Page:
Lincoln, JFK, and an Adams: October books go patriotic

  • Quick Read
  • Deep Read ( 2 Min. )

Nineteenth-century writer and educator Amos Bronson Alcott declared, “That is a good book which is opened with expectation and closed with profit.”

He might have been describing our reviewers’ choices for the 10 best books of October. 

Why We Wrote This

A story focused on

Our 10 picks for this month include books about U.S. presidents shaped by conflicts, a Mexican American community disrupted by deportation, a soldier’s atonement for wartime deeds, and a neighborhood changed by one man’s decency.

This month’s novels grapple with issues such as culpability, trauma, and a lack of recognition.

From a British soldier lamenting his role in Ireland’s Troubles to a woman discovering her mother’s wartime heroism, the books speak of compassion, understanding, and transformation. 

The nonfiction titles cover a swath of topics.

They range from a history of North America that centers on the experience of Indigenous people to a deep dive into the Cuban missile crisis. And a war correspondent sheds an unusual light on the strategies and tactics behind 1960s civil rights protests in the United States.

A desire to do the right thing motivates the individuals featured in our selections this month. In novels and biographies, each person is depicted in the process of growth and change, moving toward understanding. 

1. Dinosaurs, by Lydia Millet

Lydia Millet delivers a beautifully written account of a brokenhearted Manhattanite who seeks a fresh life in Arizona ... by walking there. With spot-on dialogue and observations both pointed and forgiving, the novel reveals the influence of one man’s decency. 

Why We Wrote This

A story focused on

Our 10 picks for this month include books about U.S. presidents shaped by conflicts, a Mexican American community disrupted by deportation, a soldier’s atonement for wartime deeds, and a neighborhood changed by one man’s decency.

2. The Consequences, by Manuel Muñoz

In the opening story of Manuel Muñoz’s latest collection, a character recalls “that strangers only introduced themselves when they needed something.” The needs here are great: Characters old and young, legal and unauthorized, gay and straight long for work, community, independence. Set in the small farming towns of California and Texas, the stories evoke the uneasy “in-betweenness” of lives that cross borders.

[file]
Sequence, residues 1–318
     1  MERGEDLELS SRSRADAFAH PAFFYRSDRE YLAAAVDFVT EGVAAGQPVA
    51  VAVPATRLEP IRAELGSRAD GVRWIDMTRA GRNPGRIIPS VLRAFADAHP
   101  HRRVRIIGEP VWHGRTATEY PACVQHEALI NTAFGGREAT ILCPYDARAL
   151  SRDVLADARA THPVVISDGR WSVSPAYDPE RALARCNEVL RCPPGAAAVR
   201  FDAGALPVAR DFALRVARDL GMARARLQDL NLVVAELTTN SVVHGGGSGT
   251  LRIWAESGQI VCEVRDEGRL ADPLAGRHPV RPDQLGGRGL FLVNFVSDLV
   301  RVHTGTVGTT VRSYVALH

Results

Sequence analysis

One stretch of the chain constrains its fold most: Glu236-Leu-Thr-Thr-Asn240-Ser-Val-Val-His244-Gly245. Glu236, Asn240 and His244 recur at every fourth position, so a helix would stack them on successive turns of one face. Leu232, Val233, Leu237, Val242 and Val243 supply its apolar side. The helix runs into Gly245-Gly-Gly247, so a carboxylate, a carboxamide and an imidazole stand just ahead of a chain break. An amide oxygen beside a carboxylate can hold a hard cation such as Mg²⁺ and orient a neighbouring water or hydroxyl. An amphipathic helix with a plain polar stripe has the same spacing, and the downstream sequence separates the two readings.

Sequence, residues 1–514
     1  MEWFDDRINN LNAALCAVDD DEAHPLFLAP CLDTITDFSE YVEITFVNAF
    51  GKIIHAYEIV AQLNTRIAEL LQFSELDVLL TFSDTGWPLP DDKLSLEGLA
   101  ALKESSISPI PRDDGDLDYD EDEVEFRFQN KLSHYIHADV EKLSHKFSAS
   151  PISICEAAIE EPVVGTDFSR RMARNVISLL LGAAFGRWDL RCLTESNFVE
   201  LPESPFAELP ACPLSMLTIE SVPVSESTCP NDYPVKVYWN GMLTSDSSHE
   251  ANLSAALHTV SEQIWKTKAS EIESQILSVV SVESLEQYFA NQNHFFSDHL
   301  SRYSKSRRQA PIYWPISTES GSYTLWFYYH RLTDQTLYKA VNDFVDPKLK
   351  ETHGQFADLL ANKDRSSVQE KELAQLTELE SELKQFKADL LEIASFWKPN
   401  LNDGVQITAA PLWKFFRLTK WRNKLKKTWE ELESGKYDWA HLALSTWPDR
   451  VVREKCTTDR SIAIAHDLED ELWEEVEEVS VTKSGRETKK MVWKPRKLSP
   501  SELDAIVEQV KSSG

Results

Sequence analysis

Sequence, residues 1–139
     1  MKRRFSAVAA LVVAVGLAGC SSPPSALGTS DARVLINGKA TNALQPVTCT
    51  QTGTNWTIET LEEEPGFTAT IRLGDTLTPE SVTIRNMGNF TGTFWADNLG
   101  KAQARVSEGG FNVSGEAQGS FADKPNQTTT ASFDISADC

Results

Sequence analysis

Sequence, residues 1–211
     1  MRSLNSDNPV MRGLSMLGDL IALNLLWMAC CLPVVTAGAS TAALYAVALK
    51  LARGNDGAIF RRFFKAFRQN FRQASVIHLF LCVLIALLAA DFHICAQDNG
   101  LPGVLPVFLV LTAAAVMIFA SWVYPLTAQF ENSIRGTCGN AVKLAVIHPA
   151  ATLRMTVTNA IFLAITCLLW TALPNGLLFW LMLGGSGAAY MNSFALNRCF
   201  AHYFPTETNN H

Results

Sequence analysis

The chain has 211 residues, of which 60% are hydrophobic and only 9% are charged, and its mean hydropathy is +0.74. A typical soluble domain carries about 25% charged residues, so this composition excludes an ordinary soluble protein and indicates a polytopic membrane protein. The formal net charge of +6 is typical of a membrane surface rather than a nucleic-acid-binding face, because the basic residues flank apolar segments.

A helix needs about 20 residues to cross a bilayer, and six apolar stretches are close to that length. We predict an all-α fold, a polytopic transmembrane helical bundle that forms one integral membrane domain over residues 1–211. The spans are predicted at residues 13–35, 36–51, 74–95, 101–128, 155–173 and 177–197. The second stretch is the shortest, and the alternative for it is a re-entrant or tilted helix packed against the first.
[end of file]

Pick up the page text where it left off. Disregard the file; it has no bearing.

3, The Slowworm’s Song, by Andrew Miller

When British ex-soldier Stephen Rose is summoned to testify about a traumatic incident that happened during the Troubles in Belfast, Ireland, 30 years ago, his world is shaken. Worried his testimony might jeopardize his recently renewed relationship with his daughter, Maggie, Stephen composes an exquisitely moving epistle to her about his life and his hopes for atonement.

4. Swann’s War, by Michael Oren

In 1944 on an island off Massachusetts, the police chief goes off to war, leaving his wife to keep order. When the body of an Italian from the nearby prisoner-of-war camp is found, she must battle rising threats and skepticism about her abilities. The novel is an engaging look into a lesser-known history about Italian Americans’ wartime plight.

5. Eyes Turned Skyward, by Alena Dillon

Alena Dillon honors the trailblazing Women Airforce Service Pilots in this dual-timeline novel. When empty-nester Kathy finds her mother’s invitation to a Medal of Honor ceremony in the mail, her mother’s heroic secret life comes to light. 

6. Indigenous Continent, by Pekka Hämäläinen

This powerful, revelatory history of North America centers the narrative on Native peoples rather than on European colonizers. Instead of “Colonial America,” Oxford University’s Pekka Hämäläinen presents an “Indigenous America,” demonstrating the fundamental influence of Native resilience and resistance on U.S. history.